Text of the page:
When COVID-19 was announced, Taiwan was expected to follow the trajectory of the 2003 SARS outbreak and be the second hardest hit by the pandemic after China. With geographical proximity and heavy traffic between China and Taiwan, this was an expected outcome. Yet by May 5, 2020, Taiwan had only reported 438 confirmed cases, resulting in 6 deaths, which is in sharp contrast to Italy and the USA as of the same day, with 213,013 cases and 29,315 deaths37 and 1,171,510 cases and 68,279 deaths,38 respectively. The control over the spread of the virus could be attributed to a number of factors, including the island’s coordinated leadership structure as well as a fast and strong risk management and disaster planning response approach. The resilient disaster management strategy allowed the integration of information platforms across different sectors to leverage big data and social media to manage and control public fears through open, transparent, real-time communication. Meanwhile, the leadership was able to swiftly and nimbly enact laws to immediately control mass hysteria and impose measures to prevent the spread of the virus. They also integrated the national health insurance database with the immigration and customs databases to allow the government to provide real-time data to its citizens and researchers tracking the new disease.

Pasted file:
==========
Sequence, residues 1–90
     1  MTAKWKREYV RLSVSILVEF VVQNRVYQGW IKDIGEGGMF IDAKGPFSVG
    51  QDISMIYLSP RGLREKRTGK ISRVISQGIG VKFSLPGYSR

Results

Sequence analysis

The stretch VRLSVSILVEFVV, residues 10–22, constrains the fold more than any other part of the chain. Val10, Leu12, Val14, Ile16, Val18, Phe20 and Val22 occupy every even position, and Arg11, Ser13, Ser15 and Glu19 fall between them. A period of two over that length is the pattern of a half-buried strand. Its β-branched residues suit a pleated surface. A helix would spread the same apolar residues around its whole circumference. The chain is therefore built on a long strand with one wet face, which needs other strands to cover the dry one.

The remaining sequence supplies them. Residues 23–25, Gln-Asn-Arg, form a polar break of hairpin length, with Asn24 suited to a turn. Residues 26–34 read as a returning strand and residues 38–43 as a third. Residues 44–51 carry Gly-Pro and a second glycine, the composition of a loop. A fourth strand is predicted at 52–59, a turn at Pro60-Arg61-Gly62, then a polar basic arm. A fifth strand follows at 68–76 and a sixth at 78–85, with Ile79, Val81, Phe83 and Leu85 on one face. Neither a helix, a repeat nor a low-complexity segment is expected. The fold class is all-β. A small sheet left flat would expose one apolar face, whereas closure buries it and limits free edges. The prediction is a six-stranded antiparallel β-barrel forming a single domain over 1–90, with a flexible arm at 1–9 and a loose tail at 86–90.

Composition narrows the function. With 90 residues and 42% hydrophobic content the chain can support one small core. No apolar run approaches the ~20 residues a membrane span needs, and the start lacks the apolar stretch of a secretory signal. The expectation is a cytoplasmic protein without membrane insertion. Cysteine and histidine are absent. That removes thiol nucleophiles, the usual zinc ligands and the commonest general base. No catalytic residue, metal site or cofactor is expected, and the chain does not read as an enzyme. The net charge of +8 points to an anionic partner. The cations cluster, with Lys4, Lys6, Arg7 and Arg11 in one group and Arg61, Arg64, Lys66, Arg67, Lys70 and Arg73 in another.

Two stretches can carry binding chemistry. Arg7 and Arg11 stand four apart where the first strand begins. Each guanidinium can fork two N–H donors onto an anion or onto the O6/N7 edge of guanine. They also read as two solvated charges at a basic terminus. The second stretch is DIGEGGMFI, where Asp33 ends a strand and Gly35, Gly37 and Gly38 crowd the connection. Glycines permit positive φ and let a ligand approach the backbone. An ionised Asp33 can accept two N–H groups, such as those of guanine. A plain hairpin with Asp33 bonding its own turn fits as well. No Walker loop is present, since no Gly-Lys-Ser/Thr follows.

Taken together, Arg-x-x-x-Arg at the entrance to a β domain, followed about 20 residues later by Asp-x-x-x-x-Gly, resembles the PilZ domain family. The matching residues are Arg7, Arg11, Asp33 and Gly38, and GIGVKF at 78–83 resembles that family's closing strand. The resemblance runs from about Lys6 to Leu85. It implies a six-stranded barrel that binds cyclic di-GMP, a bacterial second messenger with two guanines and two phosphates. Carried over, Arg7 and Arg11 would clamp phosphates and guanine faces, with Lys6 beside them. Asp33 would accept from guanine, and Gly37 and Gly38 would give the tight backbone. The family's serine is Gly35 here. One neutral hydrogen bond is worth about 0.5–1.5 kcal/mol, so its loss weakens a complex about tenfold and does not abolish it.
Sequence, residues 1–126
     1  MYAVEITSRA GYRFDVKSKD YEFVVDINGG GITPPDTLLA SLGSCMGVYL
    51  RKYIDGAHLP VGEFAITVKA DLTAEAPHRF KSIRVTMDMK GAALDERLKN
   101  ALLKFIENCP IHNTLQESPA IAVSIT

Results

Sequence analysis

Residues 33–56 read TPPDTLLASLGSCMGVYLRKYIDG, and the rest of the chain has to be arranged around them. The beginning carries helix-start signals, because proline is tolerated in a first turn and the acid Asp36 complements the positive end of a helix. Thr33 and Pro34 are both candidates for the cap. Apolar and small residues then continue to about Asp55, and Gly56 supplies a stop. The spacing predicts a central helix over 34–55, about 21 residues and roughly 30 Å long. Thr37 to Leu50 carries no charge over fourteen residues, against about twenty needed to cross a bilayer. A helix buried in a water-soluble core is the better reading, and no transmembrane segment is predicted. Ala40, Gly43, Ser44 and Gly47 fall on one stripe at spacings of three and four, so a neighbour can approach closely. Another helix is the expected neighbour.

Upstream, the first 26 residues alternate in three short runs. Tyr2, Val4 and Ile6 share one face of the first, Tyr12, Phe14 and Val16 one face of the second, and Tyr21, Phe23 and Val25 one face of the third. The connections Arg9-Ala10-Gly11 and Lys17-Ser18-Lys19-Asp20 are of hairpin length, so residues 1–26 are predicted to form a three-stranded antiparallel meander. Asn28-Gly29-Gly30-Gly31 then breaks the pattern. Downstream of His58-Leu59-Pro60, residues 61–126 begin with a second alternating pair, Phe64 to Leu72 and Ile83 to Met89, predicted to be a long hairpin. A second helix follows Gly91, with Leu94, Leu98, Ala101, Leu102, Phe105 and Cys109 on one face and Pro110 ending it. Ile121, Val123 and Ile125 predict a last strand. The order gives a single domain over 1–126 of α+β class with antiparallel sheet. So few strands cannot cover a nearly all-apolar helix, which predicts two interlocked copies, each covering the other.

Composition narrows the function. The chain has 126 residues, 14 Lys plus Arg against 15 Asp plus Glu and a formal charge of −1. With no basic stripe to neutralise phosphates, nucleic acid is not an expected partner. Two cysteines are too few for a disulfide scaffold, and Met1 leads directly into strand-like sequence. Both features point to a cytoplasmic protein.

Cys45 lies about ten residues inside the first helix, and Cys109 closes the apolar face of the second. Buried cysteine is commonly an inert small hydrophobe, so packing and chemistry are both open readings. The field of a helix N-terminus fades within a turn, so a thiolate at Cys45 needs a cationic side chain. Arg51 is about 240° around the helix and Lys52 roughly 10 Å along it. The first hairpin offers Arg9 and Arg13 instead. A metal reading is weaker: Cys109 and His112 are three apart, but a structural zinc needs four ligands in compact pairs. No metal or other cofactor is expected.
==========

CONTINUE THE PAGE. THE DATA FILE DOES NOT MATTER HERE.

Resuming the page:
In the year 2000, Taiwan had developed a Disaster Prevention and Protection Organizational Framework in response to natural hazards which caused major economic losses. However, during the SARS outbreak in 2003, the Framework was updated for biological disasters. Over the next several years, the Department of Health and Centre for Disease Control regularly reviewed and updated their strategies and regulations.
What did we learn from Taiwan?
Taiwan cultivated strong relationships with its communities, private sector and non-profit organizations resulting in smooth and swift action at the community level. This ensured that measures such as quarantine sites were available and protective equipment (PPE) donation services were provided when the pandemic struck.
Taiwan shows that a concerted approach in leadership with foresight to conduct continued risk management and planning can save lives.